It started this morning, sitting, as we do on a 'weekend', in bed, with a cup of tea, reading, reviewing, talking, relaxing. Because it is my duty to keep an eye on our finances, unusually - and rather boringly, you might say - I used some of this time to run through the 'state of the nation' that is our finances. Living, as we are doing by choice at the moment, off only one income (my wife's), this review is rather more focussed than normal; dare I say more ruthless, at the moment. Anyway, ticking off the various unavoidable items, like the rates, heating and lighting; deciding on the 'essentials' and earmarking those costs which could be eliminated, was how this particular session went. We then fell to looking further ahead to full retirement and the likely income from our pensions, such as they will be.
Every time we fall to talking about pensions, I am irresistibly drawn to musing about the first of my four different private pensions, which exist by virtue of changing employers. My first pension was with a well known steel company, for whom I had worked for the first eleven years of my tax-paying life, which was 'frozen' upon the merger with another engineering concern. Consequently, the company's ownership and name changed along with the introduction of a new pension scheme. The process of reviewing whether to leave my original pension frozen or move it into a private fund was aided by someone I 'knew' who worked with a mutual insurance company at the time. Given that this was in the midst of the Thatcher era and the new market economy, advice was abounding that pensions would become more mobile as the work force became more mobile and everyone was getting on Norman Tebbit's proverbial bike!
Whether or not I forgive my 'friend' for whatever proportion of responsibility he could himself reasonably shoulder for this advice, is however, pretty irrelevant, I think. This is because the next prompt in my morning of prompts occurred whilst I ate my breakfast and watched the second half of a very interesting hour-long documentary on BBC1, "What's The Point of Forgiveness?", presented by the Historian, Bettany Hughes, which took a brief look at the history of this virtue, which emanates from the apocryphal words of Jesus, as on the cross he cried "forgive them, they know not what they do...". In her thesis she presents the alternative to forgiveness as being the vicious cycle of revenge, which inhibits recovery, engenders pain and does not allow us to move on.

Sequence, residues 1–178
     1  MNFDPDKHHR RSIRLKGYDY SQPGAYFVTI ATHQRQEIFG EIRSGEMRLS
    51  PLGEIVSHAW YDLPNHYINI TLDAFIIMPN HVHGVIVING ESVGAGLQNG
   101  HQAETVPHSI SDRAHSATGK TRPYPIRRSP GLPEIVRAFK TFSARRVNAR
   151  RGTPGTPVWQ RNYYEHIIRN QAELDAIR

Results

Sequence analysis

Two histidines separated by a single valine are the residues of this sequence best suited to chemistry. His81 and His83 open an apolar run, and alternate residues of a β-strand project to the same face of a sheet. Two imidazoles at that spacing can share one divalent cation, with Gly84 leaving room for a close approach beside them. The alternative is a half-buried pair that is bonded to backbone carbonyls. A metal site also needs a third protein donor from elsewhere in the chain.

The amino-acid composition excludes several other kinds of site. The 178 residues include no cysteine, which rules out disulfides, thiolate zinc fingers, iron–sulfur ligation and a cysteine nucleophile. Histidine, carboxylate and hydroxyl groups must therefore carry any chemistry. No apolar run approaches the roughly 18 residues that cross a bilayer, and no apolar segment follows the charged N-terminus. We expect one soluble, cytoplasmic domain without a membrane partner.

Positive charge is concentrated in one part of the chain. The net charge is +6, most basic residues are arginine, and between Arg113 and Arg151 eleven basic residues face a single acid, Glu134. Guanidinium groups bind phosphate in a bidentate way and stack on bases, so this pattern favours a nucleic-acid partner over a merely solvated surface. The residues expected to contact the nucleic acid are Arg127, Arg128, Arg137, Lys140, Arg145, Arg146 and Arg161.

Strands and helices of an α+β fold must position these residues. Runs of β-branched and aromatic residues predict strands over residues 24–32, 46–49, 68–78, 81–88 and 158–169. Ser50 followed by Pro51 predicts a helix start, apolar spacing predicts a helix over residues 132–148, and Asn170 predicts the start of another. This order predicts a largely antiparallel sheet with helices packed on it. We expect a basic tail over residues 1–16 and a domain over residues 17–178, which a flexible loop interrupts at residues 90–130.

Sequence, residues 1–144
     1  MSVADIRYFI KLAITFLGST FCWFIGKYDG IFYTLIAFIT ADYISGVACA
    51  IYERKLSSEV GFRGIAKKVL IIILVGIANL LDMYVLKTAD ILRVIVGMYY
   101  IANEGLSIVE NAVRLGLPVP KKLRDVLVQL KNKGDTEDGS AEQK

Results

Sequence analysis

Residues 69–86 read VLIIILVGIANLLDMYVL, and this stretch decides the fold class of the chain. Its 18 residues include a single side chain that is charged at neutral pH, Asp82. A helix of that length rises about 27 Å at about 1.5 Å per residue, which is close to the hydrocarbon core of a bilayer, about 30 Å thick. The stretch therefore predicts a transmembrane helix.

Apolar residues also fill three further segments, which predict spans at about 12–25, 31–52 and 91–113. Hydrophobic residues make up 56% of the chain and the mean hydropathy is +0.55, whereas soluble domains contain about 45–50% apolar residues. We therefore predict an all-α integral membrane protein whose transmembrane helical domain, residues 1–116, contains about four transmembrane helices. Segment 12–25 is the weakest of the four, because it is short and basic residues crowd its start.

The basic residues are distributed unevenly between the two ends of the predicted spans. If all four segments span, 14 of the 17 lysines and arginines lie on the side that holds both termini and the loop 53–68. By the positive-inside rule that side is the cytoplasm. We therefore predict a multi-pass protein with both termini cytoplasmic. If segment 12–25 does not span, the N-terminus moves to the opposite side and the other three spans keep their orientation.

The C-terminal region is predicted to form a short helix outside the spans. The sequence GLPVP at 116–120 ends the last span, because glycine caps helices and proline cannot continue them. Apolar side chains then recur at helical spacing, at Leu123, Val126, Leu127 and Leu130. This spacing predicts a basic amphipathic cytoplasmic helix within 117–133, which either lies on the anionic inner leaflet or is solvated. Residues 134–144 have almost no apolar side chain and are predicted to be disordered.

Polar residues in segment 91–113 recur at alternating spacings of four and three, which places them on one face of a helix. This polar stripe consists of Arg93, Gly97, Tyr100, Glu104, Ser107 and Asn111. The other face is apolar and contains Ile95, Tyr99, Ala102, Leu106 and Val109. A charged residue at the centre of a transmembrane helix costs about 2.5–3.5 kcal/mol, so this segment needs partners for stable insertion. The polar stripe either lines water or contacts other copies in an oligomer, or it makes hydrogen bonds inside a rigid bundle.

So, I ask you... no, I have to ask myself first, how can I complain when I am able, as I did an hour ago, to sit in our sun-bathed garden, ringing with bird song, cup of coffee in hand, in good health and with the freedom to write what I want to say on almost any subject in this blog, here, now, any time it pleases me to do so. How can I feel vengeful toward someone about a pension shortfall, when there are people out there in the world, who can forgive acts of inhumanity that defy belief; that have caused the loss of life, the torture of innocent people, the deprivation of the most basic of human rights affecting whole communities, populations... there is therefore no need to answer this question. But one question does remain.
That question is simply this: how can I, in spite of all the good fortune I have had in my life, in spite of the fact I am no longer an angry young man - for which there may have been a little justification early in my life - and in spite of the fact that the sun is shining; how can I follow this advice and ensure that, deep down inside my soul, I can genuinely forgive anyone, who is guilty of anything, whether it be a simple thoughtless slander or the most unspeakable inhumanity. I feel this is the question I should continually ask myself and strive to achieve the only result that common sense points toward with undoubted clarity. It is so obvious to me that to forgive someone is to take the wind away from their angry or irrational sail; make it pointless for them to consider acting in such a way again, rather like a petulant child who, in moments of insecurity, challenges their parents by pushing at the boundaries, trying to get a reaction; when they don't get it and the parents show forgiving, but calm and disciplined resolve, they gradually adjust their behaviour. It has to be said, however, that if it were the easy option, we'd all be able to forgive.